British Liver Trust supports Alcohol Awareness Week

Posted on: 11th November 2019

This week, the British Liver Trust will join 2,000 other community groups to highlight the impact that alcohol can have on our bodies, our lives and those we love for Alcohol Awareness Week.

Events are being run by local authorities, workplaces, charities, GP surgeries, pharmacies and hospitals and other groups.

Understanding the risks of drinking too much is an important first step in helping us drink more healthily. Yet estimates show that 84% of people are unaware of the official low-risk drinking guidelines (1), meaning that the vast majority do not have the information they need to make informed choices about their drinking.

The national picture on alcohol-related harm shows:

  • Each year, alcohol is a factor in the deaths of 24,000 people in the UK (2). And is the biggest risk factor for deaths among 15-49 year olds (3).
  • Hospital admissions due to alcoholic liver disease in England have increased by 43% in the last 10 years (4).
  • In England there are an estimated 589,101 dependent drinkers and less than 20% are receiving treatment. (5)
  • Around 200,000 children in England are living with an alcohol-dependent parent or carer which can have lifelong negative effects on their health and wellbeing. (6)
  • Each year alcohol misuse is estimated to cost the NHS £3.5 billion (7), and an estimated 167,000 years of working life are lost as a result of alcohol. (8)

Mortality rates from liver disease have increased 400% since 1970

Alcohol Awareness Week aims to get people thinking and talking about alcohol, to motivate change at every level – individual, community and national.

Pamela Healy, Chief Executive of the British Liver Trust, says: “As a nation, we have a toxic relationship with alcohol. Drinking alcohol is the cause of around 60% of cases of liver disease in the UK. Mortality rates from liver disease have increased 400% since 1970. Shockingly, in people younger than 65, mortality rates due to the disease have increased fivefold.

“Many people believe that you have to be an alcoholic to damage your liver but this simply isn’t true. Alcohol dependency is a spectrum and more than one in five people in the UK currently drink alcohol in way that could harm their liver.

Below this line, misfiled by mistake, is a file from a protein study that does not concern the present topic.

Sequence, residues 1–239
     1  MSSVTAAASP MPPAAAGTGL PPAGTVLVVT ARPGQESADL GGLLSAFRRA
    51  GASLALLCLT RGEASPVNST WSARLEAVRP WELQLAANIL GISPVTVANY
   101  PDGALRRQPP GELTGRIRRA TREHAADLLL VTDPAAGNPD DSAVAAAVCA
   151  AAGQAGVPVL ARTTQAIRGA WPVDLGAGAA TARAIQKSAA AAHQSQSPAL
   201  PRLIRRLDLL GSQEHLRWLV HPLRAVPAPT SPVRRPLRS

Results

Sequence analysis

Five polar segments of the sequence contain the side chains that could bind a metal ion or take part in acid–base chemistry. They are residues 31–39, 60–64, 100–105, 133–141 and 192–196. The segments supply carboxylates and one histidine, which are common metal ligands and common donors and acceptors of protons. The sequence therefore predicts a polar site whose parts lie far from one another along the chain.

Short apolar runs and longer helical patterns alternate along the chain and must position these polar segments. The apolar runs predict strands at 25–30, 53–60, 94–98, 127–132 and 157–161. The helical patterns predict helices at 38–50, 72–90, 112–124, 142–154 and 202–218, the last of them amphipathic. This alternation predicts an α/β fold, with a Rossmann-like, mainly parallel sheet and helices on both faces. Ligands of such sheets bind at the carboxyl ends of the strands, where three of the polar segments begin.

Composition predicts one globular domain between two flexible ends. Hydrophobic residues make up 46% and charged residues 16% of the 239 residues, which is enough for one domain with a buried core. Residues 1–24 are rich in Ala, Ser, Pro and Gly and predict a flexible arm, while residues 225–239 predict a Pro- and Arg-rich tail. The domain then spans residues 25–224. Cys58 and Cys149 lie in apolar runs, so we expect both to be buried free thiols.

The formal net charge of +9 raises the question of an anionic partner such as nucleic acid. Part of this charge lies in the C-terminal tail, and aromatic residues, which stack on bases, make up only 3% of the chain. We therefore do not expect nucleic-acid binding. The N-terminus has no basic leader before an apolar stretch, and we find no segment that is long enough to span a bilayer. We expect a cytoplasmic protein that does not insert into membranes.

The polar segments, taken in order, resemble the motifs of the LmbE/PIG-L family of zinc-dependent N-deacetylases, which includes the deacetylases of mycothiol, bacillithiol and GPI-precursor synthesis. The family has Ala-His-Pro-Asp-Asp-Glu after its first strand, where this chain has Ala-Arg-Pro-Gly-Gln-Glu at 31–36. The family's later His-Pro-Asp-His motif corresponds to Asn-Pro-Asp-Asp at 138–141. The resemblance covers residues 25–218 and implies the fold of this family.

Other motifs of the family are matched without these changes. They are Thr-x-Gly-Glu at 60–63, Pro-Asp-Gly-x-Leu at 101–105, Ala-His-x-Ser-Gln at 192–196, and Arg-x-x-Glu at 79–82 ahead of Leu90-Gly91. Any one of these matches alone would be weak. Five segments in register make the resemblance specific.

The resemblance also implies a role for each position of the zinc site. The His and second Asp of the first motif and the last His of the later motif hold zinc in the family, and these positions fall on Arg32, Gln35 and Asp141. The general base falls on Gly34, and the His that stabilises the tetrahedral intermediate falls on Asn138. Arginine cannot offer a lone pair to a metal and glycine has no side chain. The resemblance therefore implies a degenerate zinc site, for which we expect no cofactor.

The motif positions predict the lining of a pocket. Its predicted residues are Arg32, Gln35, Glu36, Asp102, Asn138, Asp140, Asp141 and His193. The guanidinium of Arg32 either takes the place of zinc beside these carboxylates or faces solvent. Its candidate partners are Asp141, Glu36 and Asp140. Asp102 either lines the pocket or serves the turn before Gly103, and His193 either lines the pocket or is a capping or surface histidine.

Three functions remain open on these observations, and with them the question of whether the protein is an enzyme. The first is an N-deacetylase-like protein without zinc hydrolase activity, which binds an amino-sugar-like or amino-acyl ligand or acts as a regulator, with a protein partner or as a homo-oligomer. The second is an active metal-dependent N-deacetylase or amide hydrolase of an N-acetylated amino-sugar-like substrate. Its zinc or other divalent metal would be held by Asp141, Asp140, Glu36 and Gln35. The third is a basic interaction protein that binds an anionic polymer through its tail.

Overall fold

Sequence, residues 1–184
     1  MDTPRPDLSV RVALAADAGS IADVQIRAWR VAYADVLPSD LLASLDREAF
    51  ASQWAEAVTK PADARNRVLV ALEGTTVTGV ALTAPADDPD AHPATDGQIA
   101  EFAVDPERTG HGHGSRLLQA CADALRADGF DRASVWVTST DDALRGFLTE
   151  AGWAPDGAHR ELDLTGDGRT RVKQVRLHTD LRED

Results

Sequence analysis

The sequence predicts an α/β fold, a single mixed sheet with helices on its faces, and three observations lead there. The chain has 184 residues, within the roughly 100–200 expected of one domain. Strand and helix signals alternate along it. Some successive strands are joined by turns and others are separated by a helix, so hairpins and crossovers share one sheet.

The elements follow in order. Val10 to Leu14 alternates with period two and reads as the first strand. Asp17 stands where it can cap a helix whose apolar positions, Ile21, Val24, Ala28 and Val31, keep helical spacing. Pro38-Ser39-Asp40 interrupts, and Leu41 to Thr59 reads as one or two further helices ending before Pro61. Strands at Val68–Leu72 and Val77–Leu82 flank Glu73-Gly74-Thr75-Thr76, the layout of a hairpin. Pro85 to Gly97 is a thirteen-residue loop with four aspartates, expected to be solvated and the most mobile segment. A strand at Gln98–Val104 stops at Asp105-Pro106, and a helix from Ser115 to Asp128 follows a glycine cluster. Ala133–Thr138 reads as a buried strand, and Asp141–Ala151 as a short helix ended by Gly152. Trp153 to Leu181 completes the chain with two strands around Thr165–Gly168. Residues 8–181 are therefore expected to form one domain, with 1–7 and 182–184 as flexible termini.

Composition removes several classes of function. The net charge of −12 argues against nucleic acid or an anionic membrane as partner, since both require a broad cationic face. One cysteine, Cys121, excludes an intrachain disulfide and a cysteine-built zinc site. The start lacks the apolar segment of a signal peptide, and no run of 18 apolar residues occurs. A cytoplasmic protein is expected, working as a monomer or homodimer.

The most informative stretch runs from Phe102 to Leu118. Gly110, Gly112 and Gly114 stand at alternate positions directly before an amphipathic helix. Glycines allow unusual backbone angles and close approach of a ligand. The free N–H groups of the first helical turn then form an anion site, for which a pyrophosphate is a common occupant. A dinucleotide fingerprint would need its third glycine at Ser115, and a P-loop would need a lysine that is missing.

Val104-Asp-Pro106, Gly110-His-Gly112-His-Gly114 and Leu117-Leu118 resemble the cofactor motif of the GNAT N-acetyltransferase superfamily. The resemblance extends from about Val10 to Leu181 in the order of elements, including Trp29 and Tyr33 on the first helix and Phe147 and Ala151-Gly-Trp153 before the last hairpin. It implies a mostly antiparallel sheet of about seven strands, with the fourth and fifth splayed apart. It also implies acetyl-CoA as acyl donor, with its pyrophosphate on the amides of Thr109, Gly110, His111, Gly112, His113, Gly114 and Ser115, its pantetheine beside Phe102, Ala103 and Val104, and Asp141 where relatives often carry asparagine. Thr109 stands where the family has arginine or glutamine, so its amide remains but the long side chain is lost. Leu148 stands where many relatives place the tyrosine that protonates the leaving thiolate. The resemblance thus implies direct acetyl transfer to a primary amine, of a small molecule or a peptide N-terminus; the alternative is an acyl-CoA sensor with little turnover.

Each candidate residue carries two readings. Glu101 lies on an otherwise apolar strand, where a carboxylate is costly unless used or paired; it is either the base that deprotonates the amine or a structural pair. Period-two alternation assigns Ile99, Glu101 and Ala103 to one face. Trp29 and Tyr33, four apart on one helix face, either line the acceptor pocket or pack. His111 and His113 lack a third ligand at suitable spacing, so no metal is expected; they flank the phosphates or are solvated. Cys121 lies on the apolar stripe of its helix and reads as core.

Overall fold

“Fortunately, by making a few lifestyle changes such as drinking no more than 14 units a week, having three consecutive days each week without alcohol, eating a healthy diet and getting checked for hepatitis if you’re at risk, many people can reduce their risk of developing liver disease before it’s too late.”

Dr Richard Piper, Chief Executive of Alcohol Change UK, said:

“It can be easy to slip into bad habits with our drinking. But small changes can make a big difference to our health.

“Alcohol harm is avoidable and yet it still remains a factor in the death of three people every hour. This has to change. As well as the harm caused to individuals, alcohol can also have a significant adverse effect on those around us, including the 200,000 children in England who are living with an alcohol-dependent parent.

“So this year’s Alcohol Awareness Week is all about helping people to better understand the risks of drinking and providing advice on how we can change our drinking behaviour for the better. This can be as simple as being sure to have a few drink-free days each week, deliberately choosing the lowest strength drinks, making every other drink a non-alcoholic one, or downloading an app, for example Try Dry, to track your drinking and keep you motivated.”

References

  1. Alcohol Health Alliance UK (2018). News release on poll of 2,000 people across the UK carried out by national polling company OnePoll on behalf of the AHA.
  2. Office for National Statistics (2018). Alcohol-specific deaths in the UK: registered in 2017.
  3. Public Health England. The Public Health Burden of Alcohol and the Effectiveness and Cost-Effectiveness of Alcohol Control Policies: An Evidence Review.
  4. Public Health England (2019). Local Alcohol Profiles for England. Alcohol-related NHS hospital admissions in England.
  5. Public Health England (2018). Public Health Dashboard.
  6. Public Health England (2017). Estimates of alcohol dependent adults and alcohol dependent adults living with children.
  7. House of Commons Health Committee (2012), Government’s Alcohol Strategy.
  8. Public Health England (2016). The Public Health Burden of Alcohol and the Effectiveness and Cost-Effectiveness of Alcohol Control Policies: An Evidence Review.
Back to News